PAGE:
Albentia S.A. represents another example of this type of strategy, as does the strategic orientation of the project manager, LTU. Opposites are easily created in a discourse to that for instance, rural or community is set as opposite to advanced or sophisticated. Yet, as illustrated in the N4C project, the categories at play are not necessarily that distinct when unravelling in the concrete. A successful employee at a global high-tech company may well have a rural background. As well it should be noted that with an affirmative action project as ticket in, the involvement of women was the factor that drew the high-tech effort together thus additionally blurring boundaries, and furthermore that, the advanced experimentation focus of the European Commission FIRE initiative could be made to work for trying out the alternative scientific practice suggested in feminist science and technology studies.


Assessing the process in somewhat more detail, among the contradictions that can be traced, emerge the different interpretations that can be made of potentials in open source contra property rights protected strategies. The majority of software developed in N4C has been so called open code, or implemented on platforms with similar possibilities for free of charge use for non-commercial purposes. This choice was already in place among key players prior to N4C and served double purposes, firstly to make the results available to broad spectrums of possible stake holders and secondly, to facilitate long term co-work among various research and development environments. It was important for the project idea as such, to produce software and instructions that, without limitations, would be available to rural populations and other stake holders, after the project end. On the other hand, Tannak AB, a rurally based company the history of which is closely entwined with the N4C pre process, has maintained a strategy relying on protecting its technical advances and as much as possible applying terms of intellectual property rights. At a local level the owners are involved in competition with, among others, alternative aspiring herd tracking producers among their fellow reindeer herders who also aspire to develop a technically based business edge.


To finally conclude, the technical achievements--the real DTN topologies running autonomously for months demonstrate realistic designs of DTN as a means to establish networking in remote and rural areas, and generally for communications challenged communities. This technical result makes a difference in terms of community informatics in that the constraints for setting up networks have been pushed back a bit. The history of a successful network paradigm such as the internet itself, demonstrate how governance models and other organizational measures need go hand in hand with a technical advancement for it to be taken in use.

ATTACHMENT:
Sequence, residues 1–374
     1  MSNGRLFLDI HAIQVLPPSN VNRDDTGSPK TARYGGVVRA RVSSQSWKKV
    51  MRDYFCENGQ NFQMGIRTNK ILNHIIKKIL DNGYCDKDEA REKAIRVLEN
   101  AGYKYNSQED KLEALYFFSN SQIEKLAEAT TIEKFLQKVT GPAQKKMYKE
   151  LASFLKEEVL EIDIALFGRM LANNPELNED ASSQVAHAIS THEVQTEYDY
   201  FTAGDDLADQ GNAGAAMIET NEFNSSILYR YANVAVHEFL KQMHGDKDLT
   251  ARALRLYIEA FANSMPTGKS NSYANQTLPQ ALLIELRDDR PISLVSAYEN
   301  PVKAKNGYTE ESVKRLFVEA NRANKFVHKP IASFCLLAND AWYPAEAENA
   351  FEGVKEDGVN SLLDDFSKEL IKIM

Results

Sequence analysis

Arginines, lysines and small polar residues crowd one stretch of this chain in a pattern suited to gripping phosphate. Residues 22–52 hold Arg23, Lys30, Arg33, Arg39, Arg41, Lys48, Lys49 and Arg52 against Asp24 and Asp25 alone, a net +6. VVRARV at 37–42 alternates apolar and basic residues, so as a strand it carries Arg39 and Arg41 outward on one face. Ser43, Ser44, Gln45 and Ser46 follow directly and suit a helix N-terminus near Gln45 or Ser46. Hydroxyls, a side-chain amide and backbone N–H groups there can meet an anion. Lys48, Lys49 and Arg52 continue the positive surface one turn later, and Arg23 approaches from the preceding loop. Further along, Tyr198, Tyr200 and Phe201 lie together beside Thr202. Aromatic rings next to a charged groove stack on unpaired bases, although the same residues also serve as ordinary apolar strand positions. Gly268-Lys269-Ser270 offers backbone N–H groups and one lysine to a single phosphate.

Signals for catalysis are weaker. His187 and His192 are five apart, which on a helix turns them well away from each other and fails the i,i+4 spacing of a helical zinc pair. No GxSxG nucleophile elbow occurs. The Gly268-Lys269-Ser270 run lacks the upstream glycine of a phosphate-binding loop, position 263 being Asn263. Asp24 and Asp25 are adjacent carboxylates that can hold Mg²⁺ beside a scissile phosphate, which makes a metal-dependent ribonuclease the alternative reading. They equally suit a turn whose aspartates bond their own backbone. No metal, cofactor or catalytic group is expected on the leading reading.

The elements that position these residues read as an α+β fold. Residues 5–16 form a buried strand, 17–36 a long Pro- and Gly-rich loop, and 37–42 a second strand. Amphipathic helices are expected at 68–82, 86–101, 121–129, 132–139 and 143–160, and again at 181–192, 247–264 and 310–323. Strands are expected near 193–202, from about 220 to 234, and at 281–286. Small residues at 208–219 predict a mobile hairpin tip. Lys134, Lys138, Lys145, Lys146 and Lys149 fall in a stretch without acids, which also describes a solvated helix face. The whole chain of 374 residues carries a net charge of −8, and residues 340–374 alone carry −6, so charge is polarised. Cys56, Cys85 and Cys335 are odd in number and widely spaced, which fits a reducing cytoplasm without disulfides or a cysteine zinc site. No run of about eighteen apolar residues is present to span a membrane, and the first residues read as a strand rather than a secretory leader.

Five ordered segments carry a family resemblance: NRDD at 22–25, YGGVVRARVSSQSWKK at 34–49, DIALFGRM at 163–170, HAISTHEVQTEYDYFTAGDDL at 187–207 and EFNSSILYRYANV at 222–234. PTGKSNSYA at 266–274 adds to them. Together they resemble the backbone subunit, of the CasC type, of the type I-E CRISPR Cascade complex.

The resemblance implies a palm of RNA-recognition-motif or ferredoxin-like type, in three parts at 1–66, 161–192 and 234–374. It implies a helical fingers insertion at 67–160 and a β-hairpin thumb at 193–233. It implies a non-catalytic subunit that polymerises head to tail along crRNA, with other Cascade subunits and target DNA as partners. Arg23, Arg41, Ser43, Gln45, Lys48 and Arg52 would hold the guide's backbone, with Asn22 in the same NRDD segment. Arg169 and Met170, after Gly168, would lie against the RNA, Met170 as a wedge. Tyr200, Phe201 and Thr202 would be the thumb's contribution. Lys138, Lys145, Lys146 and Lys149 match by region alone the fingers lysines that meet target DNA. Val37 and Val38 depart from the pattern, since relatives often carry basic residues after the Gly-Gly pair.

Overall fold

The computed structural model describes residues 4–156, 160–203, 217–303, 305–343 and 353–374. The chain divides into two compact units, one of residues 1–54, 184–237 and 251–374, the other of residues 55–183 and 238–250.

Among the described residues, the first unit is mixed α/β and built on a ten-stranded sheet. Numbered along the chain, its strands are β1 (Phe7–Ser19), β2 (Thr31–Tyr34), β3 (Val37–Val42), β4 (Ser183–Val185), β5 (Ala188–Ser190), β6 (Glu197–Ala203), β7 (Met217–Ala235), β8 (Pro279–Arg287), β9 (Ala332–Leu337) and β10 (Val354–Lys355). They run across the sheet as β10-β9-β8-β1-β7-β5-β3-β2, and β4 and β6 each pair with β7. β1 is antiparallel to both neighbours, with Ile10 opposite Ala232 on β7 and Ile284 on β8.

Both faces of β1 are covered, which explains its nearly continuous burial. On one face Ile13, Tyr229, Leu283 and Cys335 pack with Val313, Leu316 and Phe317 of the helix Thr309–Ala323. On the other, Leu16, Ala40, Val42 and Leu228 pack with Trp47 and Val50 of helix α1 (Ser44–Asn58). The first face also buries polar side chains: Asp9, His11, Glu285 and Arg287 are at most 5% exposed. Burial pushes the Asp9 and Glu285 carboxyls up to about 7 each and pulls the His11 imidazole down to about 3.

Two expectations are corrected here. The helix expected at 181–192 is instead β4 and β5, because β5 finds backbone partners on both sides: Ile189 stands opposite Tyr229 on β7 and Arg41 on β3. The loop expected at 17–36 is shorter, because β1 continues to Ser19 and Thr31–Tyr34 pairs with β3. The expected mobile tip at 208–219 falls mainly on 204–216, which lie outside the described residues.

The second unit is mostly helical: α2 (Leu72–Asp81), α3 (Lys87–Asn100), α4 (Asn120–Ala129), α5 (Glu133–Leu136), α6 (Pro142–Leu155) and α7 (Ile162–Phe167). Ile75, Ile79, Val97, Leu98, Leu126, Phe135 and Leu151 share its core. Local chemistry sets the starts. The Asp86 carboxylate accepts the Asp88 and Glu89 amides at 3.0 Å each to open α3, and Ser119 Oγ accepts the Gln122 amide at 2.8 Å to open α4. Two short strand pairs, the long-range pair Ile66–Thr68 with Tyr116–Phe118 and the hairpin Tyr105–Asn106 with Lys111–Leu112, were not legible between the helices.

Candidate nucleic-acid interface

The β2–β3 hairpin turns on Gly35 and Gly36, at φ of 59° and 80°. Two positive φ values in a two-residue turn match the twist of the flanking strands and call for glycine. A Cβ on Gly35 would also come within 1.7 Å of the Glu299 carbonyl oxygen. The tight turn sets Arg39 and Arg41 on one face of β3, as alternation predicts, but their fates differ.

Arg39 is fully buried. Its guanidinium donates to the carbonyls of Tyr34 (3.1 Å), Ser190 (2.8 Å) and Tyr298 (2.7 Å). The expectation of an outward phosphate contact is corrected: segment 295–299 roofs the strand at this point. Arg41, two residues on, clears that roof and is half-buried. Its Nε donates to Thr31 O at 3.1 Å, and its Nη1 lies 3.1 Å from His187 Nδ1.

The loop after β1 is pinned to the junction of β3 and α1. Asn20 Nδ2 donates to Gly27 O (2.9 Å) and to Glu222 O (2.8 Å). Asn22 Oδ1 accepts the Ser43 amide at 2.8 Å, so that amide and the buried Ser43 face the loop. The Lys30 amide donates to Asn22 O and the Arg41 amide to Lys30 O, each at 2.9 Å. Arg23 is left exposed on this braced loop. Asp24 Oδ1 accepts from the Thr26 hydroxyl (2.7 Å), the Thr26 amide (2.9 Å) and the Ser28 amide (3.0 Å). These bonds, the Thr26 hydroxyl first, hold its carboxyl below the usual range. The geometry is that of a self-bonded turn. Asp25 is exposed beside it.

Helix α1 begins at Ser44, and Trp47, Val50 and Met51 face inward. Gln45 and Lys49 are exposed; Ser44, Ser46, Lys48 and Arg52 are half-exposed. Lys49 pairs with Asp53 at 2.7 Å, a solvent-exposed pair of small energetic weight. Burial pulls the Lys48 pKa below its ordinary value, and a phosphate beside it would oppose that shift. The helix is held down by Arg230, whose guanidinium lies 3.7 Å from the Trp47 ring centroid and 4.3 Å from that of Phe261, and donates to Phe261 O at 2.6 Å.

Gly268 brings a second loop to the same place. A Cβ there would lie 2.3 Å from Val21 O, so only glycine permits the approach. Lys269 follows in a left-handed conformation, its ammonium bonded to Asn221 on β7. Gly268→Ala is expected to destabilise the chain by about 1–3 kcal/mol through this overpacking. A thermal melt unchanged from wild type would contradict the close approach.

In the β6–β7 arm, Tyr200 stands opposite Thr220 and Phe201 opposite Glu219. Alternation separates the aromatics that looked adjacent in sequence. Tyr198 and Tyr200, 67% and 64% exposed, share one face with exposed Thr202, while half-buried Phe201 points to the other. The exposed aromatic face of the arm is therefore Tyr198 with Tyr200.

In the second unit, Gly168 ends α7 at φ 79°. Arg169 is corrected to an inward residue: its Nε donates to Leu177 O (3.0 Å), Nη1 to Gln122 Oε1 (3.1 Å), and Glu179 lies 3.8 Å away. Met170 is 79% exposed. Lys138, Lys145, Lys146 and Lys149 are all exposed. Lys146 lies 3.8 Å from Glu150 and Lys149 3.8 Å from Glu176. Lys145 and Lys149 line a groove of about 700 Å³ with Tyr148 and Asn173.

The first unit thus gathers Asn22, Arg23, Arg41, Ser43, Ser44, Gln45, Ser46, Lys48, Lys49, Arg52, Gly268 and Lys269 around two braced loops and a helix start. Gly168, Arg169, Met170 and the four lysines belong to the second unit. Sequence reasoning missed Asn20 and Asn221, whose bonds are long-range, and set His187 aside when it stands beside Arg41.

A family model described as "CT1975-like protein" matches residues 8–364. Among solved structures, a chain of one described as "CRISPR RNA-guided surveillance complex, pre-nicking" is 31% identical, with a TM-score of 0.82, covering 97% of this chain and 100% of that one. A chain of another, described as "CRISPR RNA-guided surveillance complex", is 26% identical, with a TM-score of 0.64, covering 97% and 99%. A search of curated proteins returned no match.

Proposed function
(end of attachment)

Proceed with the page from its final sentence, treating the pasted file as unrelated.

The merits of this singular effort are to have demonstrated a networking opportunity when uninterrupted short delay conditions can not be achieved in other ways or generally, when real time connectivity for some reason is not an option. The project also gave the opportunity to develop WiMAX solutions for remote areas that can be combined with DTN or work autonomously. When it comes to building ICT networking capacities, technical advances cannot replace political decisions or civic initiatives. However, the physical capacity of data networks, and the conditions which they are able to confront and at what cost, provide as significant element of the decision background.




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[1] The different deliverables to the European Commission describe this work. They are available through or from the author on address Lule University of Technology, S-97187 Lule, Sweden A small number of deliverables contain information not open to the public and cannot be distributed.

[2] The HWS department has recently, as result of overall reorganization at LTU formed a larger unit titled Business Administration, Technology and Society.

[3] In Norrbotten, cleaning is a job identified with women. This is based on a tradition of cleaning as a prolongation of womens duties in a home. At a day time cleaning operation such as in school premises, the work force is heavily dominated by women.



The Journal of Community Informatics. ISSN: 1712-4441